Tuesday, February 10, 2009

"Starting in 2004 ...an ambitious aspiration for the University--to be one of the top three public research universities in the world [sic] within a decade."

The Daily has a feature called "unfit for print" and perhaps this is. But the latest news indicates that we are far from being in the top three -- of anything. Let's take some reality pills and aim for being one of the top schools in the BigTen, our natural competition. If the OurCEO isn't up to the task then maybe we should get someone who knows how to play with the cards (s)he's been dealt?

From the Daily's Unfit for Print blog:

Only 190 spots away from top 3!

Well, it looks like we are making some good progress in becoming one of the top 3 public research institution in the world after all. Okay, so maybe not.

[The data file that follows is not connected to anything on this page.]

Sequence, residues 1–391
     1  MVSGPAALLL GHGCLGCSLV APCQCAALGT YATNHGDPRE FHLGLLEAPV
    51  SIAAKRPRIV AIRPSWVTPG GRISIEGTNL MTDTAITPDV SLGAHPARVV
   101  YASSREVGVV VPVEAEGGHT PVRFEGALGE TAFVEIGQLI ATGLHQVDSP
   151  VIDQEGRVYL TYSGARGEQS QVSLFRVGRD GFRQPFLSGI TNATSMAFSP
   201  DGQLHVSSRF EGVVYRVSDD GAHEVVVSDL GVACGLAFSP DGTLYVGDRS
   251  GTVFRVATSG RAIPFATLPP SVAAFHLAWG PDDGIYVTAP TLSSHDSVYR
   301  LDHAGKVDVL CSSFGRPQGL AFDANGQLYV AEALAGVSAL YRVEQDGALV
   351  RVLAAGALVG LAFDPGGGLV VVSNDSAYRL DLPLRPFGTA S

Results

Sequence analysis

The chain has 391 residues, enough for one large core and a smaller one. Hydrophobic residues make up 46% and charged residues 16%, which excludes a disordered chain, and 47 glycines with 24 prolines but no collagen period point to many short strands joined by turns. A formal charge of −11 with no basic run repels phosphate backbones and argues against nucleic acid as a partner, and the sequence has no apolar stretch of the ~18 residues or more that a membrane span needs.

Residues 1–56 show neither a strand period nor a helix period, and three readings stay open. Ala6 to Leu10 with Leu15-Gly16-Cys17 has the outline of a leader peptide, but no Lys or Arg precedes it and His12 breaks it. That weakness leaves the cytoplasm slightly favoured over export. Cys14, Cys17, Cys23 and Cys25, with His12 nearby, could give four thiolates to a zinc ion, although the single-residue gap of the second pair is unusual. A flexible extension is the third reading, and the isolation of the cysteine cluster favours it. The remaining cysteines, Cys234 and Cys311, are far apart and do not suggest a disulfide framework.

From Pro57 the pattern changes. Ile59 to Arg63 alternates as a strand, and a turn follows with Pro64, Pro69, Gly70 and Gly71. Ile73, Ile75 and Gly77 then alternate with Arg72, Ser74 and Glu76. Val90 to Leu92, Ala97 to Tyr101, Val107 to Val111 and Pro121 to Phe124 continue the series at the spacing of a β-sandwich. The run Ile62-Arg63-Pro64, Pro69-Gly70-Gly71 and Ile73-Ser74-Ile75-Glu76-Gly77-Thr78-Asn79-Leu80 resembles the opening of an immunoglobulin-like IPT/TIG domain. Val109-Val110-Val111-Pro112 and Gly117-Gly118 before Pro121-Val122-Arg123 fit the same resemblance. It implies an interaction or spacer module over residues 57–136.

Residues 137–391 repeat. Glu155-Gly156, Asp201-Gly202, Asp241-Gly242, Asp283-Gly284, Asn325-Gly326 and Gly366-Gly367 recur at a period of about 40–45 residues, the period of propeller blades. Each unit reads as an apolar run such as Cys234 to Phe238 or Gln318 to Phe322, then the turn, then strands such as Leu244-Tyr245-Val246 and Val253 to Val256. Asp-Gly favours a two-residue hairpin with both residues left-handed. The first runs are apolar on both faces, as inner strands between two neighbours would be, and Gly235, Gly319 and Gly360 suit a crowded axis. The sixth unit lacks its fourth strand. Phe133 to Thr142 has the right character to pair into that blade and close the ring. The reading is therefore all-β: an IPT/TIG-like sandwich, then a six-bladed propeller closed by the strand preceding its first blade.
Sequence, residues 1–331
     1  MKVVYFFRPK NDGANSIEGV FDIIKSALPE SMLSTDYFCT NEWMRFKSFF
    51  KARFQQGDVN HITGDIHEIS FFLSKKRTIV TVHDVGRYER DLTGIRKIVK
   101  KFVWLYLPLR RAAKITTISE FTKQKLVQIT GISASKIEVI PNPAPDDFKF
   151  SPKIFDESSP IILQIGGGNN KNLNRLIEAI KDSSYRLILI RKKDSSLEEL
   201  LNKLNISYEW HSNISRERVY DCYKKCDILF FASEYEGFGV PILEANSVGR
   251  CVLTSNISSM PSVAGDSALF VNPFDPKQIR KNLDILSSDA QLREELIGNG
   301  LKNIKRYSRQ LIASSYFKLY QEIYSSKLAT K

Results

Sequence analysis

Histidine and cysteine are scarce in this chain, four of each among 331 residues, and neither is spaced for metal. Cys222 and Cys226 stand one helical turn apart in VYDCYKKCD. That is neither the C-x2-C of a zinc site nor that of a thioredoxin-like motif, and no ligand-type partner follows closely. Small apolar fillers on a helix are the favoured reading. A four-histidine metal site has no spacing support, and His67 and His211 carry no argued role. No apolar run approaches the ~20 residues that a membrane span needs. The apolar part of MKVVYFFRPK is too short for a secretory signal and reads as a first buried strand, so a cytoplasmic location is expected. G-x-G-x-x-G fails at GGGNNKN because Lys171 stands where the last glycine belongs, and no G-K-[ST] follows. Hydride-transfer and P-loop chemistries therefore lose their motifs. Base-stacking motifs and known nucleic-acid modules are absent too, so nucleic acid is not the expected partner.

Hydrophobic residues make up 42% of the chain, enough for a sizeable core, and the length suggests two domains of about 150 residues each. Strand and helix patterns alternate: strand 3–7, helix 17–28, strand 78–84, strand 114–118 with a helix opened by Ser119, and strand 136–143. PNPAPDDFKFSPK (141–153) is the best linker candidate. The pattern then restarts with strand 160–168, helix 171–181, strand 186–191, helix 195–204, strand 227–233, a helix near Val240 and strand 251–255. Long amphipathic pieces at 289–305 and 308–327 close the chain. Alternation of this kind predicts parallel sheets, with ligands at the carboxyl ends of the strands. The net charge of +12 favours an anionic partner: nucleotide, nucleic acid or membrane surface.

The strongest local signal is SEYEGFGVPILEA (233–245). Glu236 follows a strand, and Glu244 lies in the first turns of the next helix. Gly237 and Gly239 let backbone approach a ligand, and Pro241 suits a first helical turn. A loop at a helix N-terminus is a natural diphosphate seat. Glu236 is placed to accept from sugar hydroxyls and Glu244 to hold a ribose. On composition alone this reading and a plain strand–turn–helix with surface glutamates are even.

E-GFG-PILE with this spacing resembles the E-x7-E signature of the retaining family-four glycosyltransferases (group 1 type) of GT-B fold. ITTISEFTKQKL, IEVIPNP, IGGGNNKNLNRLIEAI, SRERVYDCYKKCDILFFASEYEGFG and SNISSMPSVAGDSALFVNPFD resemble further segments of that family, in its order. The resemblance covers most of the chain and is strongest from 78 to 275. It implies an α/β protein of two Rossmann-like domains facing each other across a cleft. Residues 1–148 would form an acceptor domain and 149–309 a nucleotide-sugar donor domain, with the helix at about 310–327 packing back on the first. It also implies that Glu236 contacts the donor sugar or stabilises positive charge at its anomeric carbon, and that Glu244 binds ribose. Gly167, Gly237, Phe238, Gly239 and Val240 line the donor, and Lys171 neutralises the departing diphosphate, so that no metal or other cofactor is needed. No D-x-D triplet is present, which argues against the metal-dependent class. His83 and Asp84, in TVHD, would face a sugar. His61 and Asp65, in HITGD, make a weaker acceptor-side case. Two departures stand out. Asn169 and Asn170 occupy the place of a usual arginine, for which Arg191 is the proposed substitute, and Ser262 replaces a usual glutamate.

According to a new ranking system by StateUniversity.com, the University ranked No. 193 among top 2,000 in the country. Yes, that's right. This ranking only includes schools in the country.

The ranking is based on statistical data from universities, unlike many ranking systems that include a peer rating system as part of its process.

Apparently OurCEO is right, stature is more important than rankings...

BigTen School Rankings in the Latest Beauty Contest

[We are 9/10 for the publics.]

1. (19) Northwestern University

2. (37) University of Michigan-Ann Arbor

3. (62) Pennsylvania State University-Main Campus

4. (92) University of Illinois at Urbana-Champaign

5. (101) Michigan State University

6. (124) University of Wisconsin-Madison

7. (135) Ohio State University-Main Campus

8. (155) Indiana University-Bloomington

9. (171) Purdue University-Main Campus

10. (193) University of Minnesota-Twin Cities

11. (211) University of Iowa


Veblen said...

Anytime I see a ranking where Penn State does well, I become immediately suspicious of the ranking. I figure that either it has been manipulated by our intellectually dishonest president, the methodology is poor, the data is flawed, or the ranker has a commercial interest in ranking Penn State high.